we tend to think a daily shower is important but hygiene can be maintained with washing - and don't forget her feet and toenails; dad enjoyed a 'pedi' while sitting in his armchair, using a large bowl
there are also wash foams, used in care homes, and dry shampoos
sometimes a person is more co-operative with a carer, especially one in uniform, so might you arrange some home care visits?
Thank you for all your suggestions will give them a go but she does get violent which is why we give the Valium just to calm her down abit. I will try your suggestions I’m just sick of getting hit.
 

Arta

New member
Oct 28, 2018
3
Australia
Welcome to TP @Arta. Sorry your mum's condition brings you here when she should be thinking about her retirement. I don't know the situation in Australia for getting carer support, but my OH will accept help from care workers that she won't accept from me, so it is a route you may want to explore. .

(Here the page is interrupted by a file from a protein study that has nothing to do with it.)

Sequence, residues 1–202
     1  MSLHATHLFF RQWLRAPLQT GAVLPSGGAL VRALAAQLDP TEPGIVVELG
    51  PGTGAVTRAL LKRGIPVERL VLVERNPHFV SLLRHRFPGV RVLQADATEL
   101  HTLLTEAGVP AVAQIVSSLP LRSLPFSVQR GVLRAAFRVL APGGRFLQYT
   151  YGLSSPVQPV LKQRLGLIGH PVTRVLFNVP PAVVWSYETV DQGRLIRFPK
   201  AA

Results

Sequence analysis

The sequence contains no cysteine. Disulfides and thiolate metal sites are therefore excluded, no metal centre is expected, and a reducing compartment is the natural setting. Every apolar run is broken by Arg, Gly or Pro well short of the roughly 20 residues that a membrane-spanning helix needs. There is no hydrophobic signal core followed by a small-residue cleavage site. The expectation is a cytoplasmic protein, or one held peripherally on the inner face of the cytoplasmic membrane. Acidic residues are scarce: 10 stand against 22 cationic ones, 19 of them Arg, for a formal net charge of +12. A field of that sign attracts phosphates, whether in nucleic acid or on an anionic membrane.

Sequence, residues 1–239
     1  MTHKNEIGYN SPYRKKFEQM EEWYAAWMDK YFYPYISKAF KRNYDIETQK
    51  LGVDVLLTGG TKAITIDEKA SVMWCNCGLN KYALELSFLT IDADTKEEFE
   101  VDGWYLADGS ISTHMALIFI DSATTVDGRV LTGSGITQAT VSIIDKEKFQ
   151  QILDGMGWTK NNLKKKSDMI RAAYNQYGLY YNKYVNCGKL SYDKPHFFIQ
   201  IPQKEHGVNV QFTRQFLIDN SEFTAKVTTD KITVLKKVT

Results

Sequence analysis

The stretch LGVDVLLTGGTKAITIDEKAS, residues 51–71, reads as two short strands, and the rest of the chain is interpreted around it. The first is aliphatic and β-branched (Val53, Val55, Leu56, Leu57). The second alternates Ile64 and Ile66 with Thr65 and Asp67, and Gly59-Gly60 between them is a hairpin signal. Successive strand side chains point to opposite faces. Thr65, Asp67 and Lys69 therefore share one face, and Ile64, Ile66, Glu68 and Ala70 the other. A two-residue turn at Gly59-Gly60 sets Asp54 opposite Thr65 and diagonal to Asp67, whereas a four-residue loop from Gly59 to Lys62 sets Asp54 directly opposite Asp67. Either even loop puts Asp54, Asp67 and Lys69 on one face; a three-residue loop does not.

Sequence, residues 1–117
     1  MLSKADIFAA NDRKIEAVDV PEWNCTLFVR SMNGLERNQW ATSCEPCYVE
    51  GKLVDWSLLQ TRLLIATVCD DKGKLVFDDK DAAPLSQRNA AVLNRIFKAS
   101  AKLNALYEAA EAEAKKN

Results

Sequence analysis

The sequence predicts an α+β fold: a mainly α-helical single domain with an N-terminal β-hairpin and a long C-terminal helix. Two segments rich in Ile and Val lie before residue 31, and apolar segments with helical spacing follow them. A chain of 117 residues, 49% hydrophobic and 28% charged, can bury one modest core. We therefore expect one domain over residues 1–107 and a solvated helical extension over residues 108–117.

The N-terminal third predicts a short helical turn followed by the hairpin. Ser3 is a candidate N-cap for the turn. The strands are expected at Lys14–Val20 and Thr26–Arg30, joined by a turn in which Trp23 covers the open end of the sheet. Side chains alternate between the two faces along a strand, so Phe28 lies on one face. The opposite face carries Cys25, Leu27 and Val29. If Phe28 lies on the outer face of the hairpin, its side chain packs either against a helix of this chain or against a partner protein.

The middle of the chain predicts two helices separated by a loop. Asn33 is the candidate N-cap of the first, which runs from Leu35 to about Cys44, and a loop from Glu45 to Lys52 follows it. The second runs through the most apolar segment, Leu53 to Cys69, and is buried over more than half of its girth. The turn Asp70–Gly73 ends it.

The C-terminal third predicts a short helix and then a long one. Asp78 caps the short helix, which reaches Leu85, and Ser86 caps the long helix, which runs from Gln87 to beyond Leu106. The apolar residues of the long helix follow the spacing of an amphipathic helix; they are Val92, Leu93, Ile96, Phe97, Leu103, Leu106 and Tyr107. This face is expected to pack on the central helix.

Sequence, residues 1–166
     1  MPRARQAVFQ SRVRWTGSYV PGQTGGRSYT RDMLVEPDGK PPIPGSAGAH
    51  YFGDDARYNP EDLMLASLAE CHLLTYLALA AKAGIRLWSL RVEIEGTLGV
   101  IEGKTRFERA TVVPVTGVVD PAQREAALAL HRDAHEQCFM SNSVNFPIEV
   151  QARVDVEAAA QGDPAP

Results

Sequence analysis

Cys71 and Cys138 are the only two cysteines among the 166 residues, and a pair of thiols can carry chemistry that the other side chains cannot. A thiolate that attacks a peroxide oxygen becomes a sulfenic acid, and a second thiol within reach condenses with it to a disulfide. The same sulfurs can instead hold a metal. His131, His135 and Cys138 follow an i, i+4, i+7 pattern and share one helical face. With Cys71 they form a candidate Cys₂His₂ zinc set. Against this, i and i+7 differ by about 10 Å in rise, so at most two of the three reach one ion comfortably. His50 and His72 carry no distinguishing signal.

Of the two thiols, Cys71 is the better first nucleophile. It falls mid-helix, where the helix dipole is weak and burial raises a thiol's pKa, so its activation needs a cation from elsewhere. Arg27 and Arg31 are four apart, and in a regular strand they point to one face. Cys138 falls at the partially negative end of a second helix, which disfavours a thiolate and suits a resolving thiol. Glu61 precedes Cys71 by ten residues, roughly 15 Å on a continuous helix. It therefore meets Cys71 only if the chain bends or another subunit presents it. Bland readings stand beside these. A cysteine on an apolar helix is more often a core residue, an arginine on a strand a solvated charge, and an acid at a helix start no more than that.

Thank you for the warm welcome. At this stage mum will not even tolerate having a carer in her house I can’t imagine her reaction if the poor carer even tries to approach her for personal care. As a family we refuse to try an antipsychotic, the side effects and risks scare me.
 

Eadiedog

New member
Oct 28, 2018
1
Hello, I'm new here so please forgive me if I get the 'nettiquette' wrong.

Mr husband had just been diagnosed with Lewy bodies dementia. I have been keeping a diary for about a year, so it didn't come as any surprise to me.